Ramalingam, B. (2006). Tools for Knowledge and Learning. ODI Toolkit. London: Overseas Development Institute.
Reeler, D. (n.d.). Sharing Experience and Learning Together. Tearfund.
Ensure evaluation is fit for purpose
Cassidy, C., Ball, L. (2018). Communications monitoring, evaluating and learning toolkit. London: Overseas Development Institute.
Centres for Disease Control and Prevention (2017). Evaluation Reporting: A Guide to Help Ensure Use of Evaluation Findings. Washington, DC: US Department of Health & Human Services.
Innovation Network (n.d.). Pathfinder: A Practical Guide to Advocacy Evaluation.
Pasanen, T., Shaxson, L. (2016). How to design a monitoring and evaluation framework for a policy research project. London: Overseas Development Institute.
Schmitt, J. (n.d.). The use of causal mechanisms in complex evaluations. Methods and Standards. Bonn: German Institute for Development Evaluation.
Barnett, C., Gregorowski, R. (2013). Learning about Theories of Change for the Monitoring and Evaluation of Research Uptake. IDS Practice Paper in Brief 14. Brighton: Institute of Development Studies.
Befani, B. (2013). Between complexity and generalization: Addressing evaluation challenges with QCA. Evaluation 19(3): 269–83.
Befani, B., and Mayne, J. (2014). Process Tracing and Contribution Analysis: A Combined Approach to Generative Causal Inference for Impact Evaluation. IDS Bulletin 45(6).
Collier, D. (2011). Understanding Process Tracing. Political Science and Politics 44(4): 823-830.
Edwards, D.M., Meagher, L.R. (2020). A framework to evaluate the impacts of research on policy and practice: A forestry pilot study. Forest Policy and Economics 114.
Grove, J.T. (2015). Aiming for utility in ‘systems-based evaluation’: A research-based framework for practitioners. IDS Bulletin 46(1): 58–70.
INTRAC (2017). Resources for M&E. Oxford: INTRAC.
Oliver, K., Faul, M.V. (2018). Networks and network analysis in evidence, policy and practice. Evidence & Policy 14(3): 369-379.
University of Nottingham (n.d.). Routes to policy impact: A practical guide for academics and researchers.
Wilson, K.M., Brady, T.J., Lesesne, C. (2011). An Organizing Framework for Translation in Public Health: The Knowledge to Action Framework. Preventing Chronic Disease 8(2): A46.
Boswell, C., Smith, K. (2017). Rethinking policy ‘impact’: four models of research policy relations. Palgrave Communications 3, 44:1-10.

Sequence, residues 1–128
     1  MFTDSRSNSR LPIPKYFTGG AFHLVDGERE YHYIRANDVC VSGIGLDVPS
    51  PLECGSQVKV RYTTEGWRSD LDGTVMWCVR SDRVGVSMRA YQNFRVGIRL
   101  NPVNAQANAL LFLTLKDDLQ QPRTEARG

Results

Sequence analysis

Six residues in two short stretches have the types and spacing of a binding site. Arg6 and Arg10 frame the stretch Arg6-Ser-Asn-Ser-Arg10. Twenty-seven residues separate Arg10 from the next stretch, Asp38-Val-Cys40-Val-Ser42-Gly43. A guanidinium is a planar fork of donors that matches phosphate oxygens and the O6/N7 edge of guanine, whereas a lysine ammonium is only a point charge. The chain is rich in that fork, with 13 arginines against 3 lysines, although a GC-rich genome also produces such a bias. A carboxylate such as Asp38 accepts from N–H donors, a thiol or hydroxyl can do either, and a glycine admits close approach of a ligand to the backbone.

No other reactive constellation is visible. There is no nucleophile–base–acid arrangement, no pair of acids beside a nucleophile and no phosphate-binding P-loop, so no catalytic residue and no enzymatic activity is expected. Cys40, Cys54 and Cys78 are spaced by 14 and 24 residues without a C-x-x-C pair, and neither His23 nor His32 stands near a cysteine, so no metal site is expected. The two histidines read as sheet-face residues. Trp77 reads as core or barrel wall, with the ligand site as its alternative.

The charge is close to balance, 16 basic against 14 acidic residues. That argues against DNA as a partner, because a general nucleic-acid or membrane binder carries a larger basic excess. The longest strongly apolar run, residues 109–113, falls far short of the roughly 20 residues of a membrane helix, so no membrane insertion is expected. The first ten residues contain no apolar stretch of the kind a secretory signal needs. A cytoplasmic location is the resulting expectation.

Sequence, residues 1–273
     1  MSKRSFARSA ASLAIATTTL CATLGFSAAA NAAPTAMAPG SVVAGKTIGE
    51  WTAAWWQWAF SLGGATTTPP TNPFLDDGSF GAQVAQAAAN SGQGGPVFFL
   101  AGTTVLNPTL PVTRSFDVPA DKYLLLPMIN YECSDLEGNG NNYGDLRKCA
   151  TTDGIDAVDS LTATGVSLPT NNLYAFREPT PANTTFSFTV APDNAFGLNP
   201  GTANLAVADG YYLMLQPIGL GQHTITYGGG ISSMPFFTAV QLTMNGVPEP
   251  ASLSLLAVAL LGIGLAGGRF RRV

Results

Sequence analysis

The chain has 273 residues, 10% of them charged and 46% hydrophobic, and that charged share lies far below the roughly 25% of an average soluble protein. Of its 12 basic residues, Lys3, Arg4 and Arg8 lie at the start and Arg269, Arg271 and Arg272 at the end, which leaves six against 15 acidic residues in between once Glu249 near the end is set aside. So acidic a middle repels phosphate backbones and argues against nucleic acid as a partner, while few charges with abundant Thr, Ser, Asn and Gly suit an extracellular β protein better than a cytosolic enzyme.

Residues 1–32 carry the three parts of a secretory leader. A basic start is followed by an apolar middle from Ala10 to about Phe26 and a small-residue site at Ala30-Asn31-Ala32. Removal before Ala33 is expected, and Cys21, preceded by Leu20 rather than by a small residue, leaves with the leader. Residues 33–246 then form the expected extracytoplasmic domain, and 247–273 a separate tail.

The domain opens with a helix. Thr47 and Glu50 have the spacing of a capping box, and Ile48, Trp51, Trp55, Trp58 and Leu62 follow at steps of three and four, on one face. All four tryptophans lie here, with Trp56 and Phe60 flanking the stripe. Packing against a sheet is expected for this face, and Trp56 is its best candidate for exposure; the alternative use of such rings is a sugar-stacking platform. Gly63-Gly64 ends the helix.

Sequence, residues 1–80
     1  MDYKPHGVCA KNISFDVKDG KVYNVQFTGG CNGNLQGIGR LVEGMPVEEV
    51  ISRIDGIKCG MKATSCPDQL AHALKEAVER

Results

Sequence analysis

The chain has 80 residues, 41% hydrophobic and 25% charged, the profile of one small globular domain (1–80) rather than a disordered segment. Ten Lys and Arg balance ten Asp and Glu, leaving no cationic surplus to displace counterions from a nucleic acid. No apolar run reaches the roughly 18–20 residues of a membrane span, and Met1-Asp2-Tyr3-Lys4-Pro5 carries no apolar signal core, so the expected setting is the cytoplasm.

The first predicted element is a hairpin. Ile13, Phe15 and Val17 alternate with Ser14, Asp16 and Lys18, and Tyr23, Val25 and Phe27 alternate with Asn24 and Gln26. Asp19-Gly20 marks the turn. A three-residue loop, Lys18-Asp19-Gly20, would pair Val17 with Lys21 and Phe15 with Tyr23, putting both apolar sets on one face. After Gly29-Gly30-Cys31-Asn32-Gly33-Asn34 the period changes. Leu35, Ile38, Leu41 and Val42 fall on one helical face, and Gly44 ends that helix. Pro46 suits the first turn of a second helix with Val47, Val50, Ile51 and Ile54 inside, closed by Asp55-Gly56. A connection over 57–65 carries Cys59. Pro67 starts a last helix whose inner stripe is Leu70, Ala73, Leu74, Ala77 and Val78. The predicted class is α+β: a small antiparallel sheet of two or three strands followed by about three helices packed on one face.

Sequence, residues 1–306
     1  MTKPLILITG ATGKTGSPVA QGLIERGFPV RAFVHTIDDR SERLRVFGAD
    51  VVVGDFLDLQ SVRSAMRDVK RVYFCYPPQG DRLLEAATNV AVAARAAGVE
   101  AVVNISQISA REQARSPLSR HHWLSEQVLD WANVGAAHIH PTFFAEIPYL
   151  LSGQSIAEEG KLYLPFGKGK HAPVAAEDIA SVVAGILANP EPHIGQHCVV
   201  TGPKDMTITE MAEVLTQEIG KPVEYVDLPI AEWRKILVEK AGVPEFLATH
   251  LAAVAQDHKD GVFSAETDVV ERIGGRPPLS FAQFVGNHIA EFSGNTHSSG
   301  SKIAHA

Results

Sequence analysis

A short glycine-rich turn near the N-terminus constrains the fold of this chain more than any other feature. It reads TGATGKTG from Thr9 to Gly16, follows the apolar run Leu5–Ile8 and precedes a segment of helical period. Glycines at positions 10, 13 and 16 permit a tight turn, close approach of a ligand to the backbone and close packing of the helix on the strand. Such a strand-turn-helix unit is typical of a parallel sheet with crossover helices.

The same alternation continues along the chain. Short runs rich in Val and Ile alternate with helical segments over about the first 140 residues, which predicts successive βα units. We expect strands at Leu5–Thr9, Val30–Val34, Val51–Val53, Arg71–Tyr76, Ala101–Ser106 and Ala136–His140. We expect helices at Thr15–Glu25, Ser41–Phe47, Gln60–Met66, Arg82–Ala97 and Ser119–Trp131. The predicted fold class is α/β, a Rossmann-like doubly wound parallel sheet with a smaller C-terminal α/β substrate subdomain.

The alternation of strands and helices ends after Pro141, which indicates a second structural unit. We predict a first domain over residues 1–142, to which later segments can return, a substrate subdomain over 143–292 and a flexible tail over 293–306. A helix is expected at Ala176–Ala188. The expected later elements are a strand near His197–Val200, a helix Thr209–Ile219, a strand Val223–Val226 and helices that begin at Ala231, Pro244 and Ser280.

Broadbent, E. (2012). Politics of research-based evidence in African policy debates: Synthesis of case study findings. Evidence-based Policy in Development Network. London: Overseas Development Institute.
Cairney, P. (2013). What is evolutionary theory and how does it inform policy studies?. Policy & Politics 41(2): 279-298.
Cairney, P. (2016). The Politics of Evidence-Based Policy Making. London: Palgrave Macmillan.
Donadelli, F. (2020). When evidence does not matter: The barriers to learning from science in two cases of environmental policy change in Brazil. Science and Public Policy. Oxford: Oxford University Press.
Georgalakis, J., Rose, P. (Eds.) (2019). Exploring Research–Policy Partnerships in International Development. IDS Bulletin 50(1). Brighton: Institute of Development Studies.
Hardiman, N., Metinsoy, S. (2019). Evidence matters, but ideas shape policy in more fundamental ways than we might realise. London: LSE Impact Blog.
Hayden, M.C., Petrova, M.K., Wutti, D. (2018). Direct associations of the terminology of knowledge transfer – Differences between the social sciences and humanities (SSH) and other scientific disciplines. Trames Journal of the Humanities and Social Sciences 22(3): 239-256.
Head, B.W. (2015). Toward More “Evidence-Informed” Policy Making?. Public Administration Review 76(3): 472-484.
Langer, L., Tripney, J., Gough, D. (2016). The Science of Using Science: Researching the Use of Research Evidence in Decision-Making. London: UCL Institute of Education.
Newman, J., Cherney, A., Head, B.W. (2017). Policy capacity and evidence-based policy in the public service. Public Management Review 19(2): 157-174.
Olson, J., da Silva, P.P. (2019). Knowledge production at the science–policy interface: Lessons from fisheries scientists. Science and Public Policy, 47(1), 45-66
Orensten, N., Buteau, E., Martin, H., Gehling, K. (2020). Policy Influence: What Foundations are Doing and Why. Cambridge, MA and San Francisco, CA: The Center for Effective Philanthropy.
Parkhurst, J. (2017). The Politics of Evidence: From evidence-based policy to the good governance of evidence. Abingdon: Routledge.
Rittel, H.W.J., Webber, M.M. (1973) Dilemmas in a general theory of planning. Policy Sciences 4(2): 155–69.